10 8 AMERICAN MUSEUM NOVITATES NO the lacrimal lie at about a 45 degree angle to the horizontal midline elements. The bone narrows posteriorly to present only a thin contact with the prefrontal. MAXILLA: The left maxilla is dissociated from the rest of the skull and lies over the right lower jaw. Twenty teeth are visible with space for 10 to 14 more. The teeth gradually decrease in size posteriorly. The anterior teeth are approximately 0.9 mm. in height, whereas the posteriormost decrease to 0.6 mm. in height. The maxilla is broken so that the narial border is missing dorsally. The bone as preserved is 22 mm. in length, and is similar in length to Isodectes but shorter relative to skull length in Dvinosaurus and Saurerpeton. If the maxilla ends under the posterior end of the orbit the anterior margin extends just ventral to the naris. The length of this maxilla agrees well with that of the type. Unlike the type, the posterior part of the new maxilla does not curve ventrally as the beginning of the downturned cheek. BRAINCASE IMPRESSIONS ON THE SKULL ROOF: There are distinct impressions of the dorsal braincase margins running longitudinally along the parietal bones. Near the postparietal-parietal boundary, the braincase impression is widest. From its posterior end the impression gently curves anterolaterally to a maximum width of 3.0 mm. The border then curves sharply medially toward the parietal foramen to form a distinct waist. The edge of the waist forms a right angle. From the waist, the impression runs anteriorly and slightly laterally at a constantly increasing width in the sphenethmoid region. The impression disappears toward the anterior border of the parietals. The dorsal margin of the braincase appears to be narrow because its borders are totally confined to the medial half of the parietal width. A narrow braincase is presumed by Romer (1947) to indicate a primitive condition. The platybasic type is characteristic of more advanced temnospondyls. Unfortunately the condition in other saurerpetontids is unknown. BASISPHENOID: The basisphenoid, although incomplete, is the only one reported among the saurerpetontids. The element is exposed ventrally so as to show part of the right basipterygoid process, a waist immediately behind the process, and diverging lateral walls both anteriorly and posteriorly. The bone is 3.0 mm. high. The dorsal half of the right lateral wall extends 3.5 mm. anterior to the basipterygoid process and 2.0 mm. posterior to the broken ventral edge. This part of the wall is crushed and pushed slightly outward. No foramina are visible. The right basipterygoid process points anteriorly at a 40 degree angle from the midline. The articulating surface is oval and directed dorsolaterally. The surface is unfinished so that the process must have been finished in cartilage. A groove courses over the process at its base dorsally. A ridge runs back from the basipterygoid process along the lateral edges of the ventral surface. A shallow trough results with the ridges forming the lateral walls. The trough wall is thickened between the basipterygoid processes but the floor thins posteriorly Ȧlthough crushed and displaced laterally, the dorsal half of the lateral wall was more vertical in life. The part extending past the basipterygoid process would then bend anteromedially. This anterior arm when joined with its partner forms the posterior portion of the sphenoid. A vertical break above and slightly behind the basipterygoid process may represent a suture between the sphenoid and the basisphenoid. The basipterygoid processes are 6 mm. apart when measured at their lateralmost edges. Up to 4 mm. more in width could be occupied by the cartilaginous part of the processes. Adding another 8 mm. for the horizontal shelves of the pterygoid (at the internal process), the total width allowed for the wings of the parasphenoid is approximately 18 mm. This measurement agrees quite well with the width of parasphenoid wings of 20.0 mm. Allowing that the specimen at hand is larger than the type, the width of the parasphenoid wings agree quite well. OCCIPUT: All the elements of the occiput are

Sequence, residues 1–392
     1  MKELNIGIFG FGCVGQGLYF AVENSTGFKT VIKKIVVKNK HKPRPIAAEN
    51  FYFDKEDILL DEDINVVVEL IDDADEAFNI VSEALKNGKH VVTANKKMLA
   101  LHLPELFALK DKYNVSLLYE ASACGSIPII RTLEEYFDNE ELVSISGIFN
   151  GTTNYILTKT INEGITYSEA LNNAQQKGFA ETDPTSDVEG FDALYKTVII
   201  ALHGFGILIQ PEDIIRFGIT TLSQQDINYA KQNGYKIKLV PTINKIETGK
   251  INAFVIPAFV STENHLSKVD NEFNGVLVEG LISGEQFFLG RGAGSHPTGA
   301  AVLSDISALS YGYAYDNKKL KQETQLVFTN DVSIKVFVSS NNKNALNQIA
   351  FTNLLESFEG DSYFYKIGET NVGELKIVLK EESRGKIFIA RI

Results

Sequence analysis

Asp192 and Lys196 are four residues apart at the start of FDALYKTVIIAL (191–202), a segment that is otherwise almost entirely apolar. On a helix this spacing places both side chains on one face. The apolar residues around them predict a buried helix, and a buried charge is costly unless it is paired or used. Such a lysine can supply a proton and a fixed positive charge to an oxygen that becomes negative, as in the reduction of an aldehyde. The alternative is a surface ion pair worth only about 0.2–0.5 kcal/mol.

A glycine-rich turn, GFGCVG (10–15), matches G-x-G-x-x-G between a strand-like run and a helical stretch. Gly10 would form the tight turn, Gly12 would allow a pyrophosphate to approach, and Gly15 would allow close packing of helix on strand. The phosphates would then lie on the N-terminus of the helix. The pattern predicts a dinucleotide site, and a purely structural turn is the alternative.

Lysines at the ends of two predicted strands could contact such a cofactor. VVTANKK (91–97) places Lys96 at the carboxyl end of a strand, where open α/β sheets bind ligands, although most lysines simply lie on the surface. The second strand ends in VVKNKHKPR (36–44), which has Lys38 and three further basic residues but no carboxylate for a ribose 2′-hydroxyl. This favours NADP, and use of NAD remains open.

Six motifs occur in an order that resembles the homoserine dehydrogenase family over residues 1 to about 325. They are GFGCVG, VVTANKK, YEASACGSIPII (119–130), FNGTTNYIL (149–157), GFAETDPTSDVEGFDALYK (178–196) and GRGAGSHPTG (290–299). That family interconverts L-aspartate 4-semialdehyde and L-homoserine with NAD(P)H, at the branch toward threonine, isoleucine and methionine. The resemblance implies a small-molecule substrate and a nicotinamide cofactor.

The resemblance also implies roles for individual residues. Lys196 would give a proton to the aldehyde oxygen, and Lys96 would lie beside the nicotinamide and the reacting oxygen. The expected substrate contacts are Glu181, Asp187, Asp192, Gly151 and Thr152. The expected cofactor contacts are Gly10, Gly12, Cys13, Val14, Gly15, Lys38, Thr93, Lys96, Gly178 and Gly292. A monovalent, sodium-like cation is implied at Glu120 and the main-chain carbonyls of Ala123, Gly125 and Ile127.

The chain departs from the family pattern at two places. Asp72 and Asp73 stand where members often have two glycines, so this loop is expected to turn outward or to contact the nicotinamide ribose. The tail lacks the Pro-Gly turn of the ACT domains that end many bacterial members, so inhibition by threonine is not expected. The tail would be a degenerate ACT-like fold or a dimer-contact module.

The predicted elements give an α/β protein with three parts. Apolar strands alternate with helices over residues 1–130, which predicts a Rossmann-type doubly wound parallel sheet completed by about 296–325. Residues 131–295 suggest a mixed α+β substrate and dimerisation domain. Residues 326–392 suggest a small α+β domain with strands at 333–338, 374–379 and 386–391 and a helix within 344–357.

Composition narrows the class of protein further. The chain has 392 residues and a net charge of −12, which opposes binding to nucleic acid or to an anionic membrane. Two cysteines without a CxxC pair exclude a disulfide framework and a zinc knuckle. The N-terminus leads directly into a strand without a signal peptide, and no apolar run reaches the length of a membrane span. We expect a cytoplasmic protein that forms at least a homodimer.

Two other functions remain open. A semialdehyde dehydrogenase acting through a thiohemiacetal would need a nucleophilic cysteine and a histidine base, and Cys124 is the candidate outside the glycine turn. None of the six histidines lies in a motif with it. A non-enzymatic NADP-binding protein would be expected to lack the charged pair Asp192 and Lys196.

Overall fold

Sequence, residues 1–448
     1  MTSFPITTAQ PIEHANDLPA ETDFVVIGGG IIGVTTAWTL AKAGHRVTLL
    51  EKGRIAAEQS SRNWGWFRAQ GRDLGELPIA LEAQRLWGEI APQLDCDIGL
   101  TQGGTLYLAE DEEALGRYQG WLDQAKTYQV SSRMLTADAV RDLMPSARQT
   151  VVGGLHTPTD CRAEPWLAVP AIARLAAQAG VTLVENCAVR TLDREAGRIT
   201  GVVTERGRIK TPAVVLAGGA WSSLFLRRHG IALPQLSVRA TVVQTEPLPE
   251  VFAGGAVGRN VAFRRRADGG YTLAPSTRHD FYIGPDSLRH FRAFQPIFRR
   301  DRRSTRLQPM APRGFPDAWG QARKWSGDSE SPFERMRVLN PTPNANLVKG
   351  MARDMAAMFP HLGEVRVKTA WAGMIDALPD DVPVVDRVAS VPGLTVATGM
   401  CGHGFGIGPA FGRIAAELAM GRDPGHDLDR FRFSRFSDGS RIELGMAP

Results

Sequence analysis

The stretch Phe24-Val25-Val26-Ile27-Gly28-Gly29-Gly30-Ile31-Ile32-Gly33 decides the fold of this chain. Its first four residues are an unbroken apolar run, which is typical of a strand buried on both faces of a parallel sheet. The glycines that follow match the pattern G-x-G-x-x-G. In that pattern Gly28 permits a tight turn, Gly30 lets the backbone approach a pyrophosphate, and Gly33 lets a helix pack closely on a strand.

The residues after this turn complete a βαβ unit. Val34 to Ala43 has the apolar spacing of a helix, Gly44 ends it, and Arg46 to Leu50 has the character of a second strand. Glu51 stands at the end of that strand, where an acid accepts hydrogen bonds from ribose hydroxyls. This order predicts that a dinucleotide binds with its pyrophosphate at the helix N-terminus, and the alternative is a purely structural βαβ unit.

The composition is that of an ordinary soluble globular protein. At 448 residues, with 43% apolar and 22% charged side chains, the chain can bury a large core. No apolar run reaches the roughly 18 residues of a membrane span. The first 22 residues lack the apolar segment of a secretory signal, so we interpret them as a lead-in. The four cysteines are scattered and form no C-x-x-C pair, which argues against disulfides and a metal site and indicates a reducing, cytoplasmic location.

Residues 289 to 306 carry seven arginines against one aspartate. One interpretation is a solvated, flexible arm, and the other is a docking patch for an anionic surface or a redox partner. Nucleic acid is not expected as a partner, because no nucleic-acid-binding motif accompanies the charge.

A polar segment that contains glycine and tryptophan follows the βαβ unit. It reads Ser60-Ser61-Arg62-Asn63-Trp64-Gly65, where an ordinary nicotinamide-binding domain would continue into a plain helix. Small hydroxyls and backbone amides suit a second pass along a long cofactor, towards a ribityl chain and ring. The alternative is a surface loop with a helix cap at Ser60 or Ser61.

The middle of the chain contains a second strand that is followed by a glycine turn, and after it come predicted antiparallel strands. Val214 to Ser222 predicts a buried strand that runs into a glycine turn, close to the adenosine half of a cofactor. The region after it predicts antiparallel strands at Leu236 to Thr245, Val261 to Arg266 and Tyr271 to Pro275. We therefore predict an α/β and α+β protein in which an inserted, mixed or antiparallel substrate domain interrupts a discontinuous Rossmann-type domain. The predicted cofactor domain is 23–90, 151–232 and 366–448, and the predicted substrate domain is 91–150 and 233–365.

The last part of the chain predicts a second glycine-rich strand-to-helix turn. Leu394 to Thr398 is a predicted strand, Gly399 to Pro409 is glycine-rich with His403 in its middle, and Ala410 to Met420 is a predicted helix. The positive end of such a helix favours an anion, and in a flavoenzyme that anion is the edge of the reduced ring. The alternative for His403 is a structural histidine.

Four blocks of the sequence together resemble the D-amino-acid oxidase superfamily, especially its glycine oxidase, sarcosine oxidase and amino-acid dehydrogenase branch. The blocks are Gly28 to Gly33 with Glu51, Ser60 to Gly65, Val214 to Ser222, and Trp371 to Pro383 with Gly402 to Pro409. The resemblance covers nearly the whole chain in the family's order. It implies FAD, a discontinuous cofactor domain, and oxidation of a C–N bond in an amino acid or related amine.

11 1978 COLDIRON: ACROPLOUS VORAX HOTTON 9 present and in near perfect articulation (fig. 3). The occiput and posterior part of the skull table are crushed on the same plane. The occiput could slope more than 50 degrees backward from the horizontal, which is at least 30 degrees greater than the angle in Kourerpeton. The occipital angles found in brachyopids are intermediate between Kourerpeton and Isodectes (400 to 200 from horizontal). In Acroplous the posteriormost extent of the exoccipitals reaches 5 mm. back of the skull table. ta psphh pp e x ex bocc -cult proc FIG. 3. Top-back of skull roof, occiput, and cultriform process of parasphenoid in dorsal view. X 1.5. Bottom-ventral view of same block showing the main body of parasphenoid and occiput. X2.1. Abbreviations: bocc, basioccipital; cult proc, cultriform process of parasphenoid; ex, exoccipital; psph, parasphenoid; pp, postparietal; ta, tabular. The basioccipital is poorly ossified, and this portion does not protrude posteriorly from the occiput. The supraoccipital is completely unossified, but a broad space wedges between the postparietals and indicates its presence in cartilage. BASIOCCIPITAL: The basioccipital consists of two ventrally oriented fingers of bone wrapped around the back of the parasphenoid. These two processes barely meet at the midline, thus excluding the parasphenoid from an occipital exposure. Dorsally, the basioccipital is deeply recessed and is of unfinished bone. Exclusion of the parasphenoid from the occiput is a primitive feature among temnospondyls although Isodectes and brachyopids show the advanced condition in which the parasphenoid breaks through to the occipital surface. The condition in Dvinosaurus is unclear. In ventral view some of Bystrow's (1938) figures show the basioccipital excluding the parasphenoid from the occiput. In occipital view, Bystrow's figure 5 shows the parasphenoid well exposed. EXOCCIPITAL: The exoccipitals form the lateral and ventrolateral borders of the broad ovalshaped foramen magnum. Ventrally, the foramen magnum is open. Two narrow arms of the exoccipitals face each other on the ventral margin but do not meet. The basioccipital could have contributed to the ventral margin, or the arms of the exoccipital could have met in cartilage. The type specimen is more incomplete in this region and does not help clarify the matter. In occipital view, the exoccipital has a wide contact with postparietal and tabular and narrows ventral to the foramen magnum to form an unfinished posteroventrally directed condylar surface. This condylar surface is unfinished so that it must have been continued in cartilage. The posteroventral orientation of the condyle and its long posterior projection indicate that it contributed at least to the dorsolateral part of the occipital condyle. Because of the poor ossification of the basioccipital, it cannot be determined what part it contributed to the occipital condyle. If the contribution of the basioccipital was small, the occipital condyle could have been double.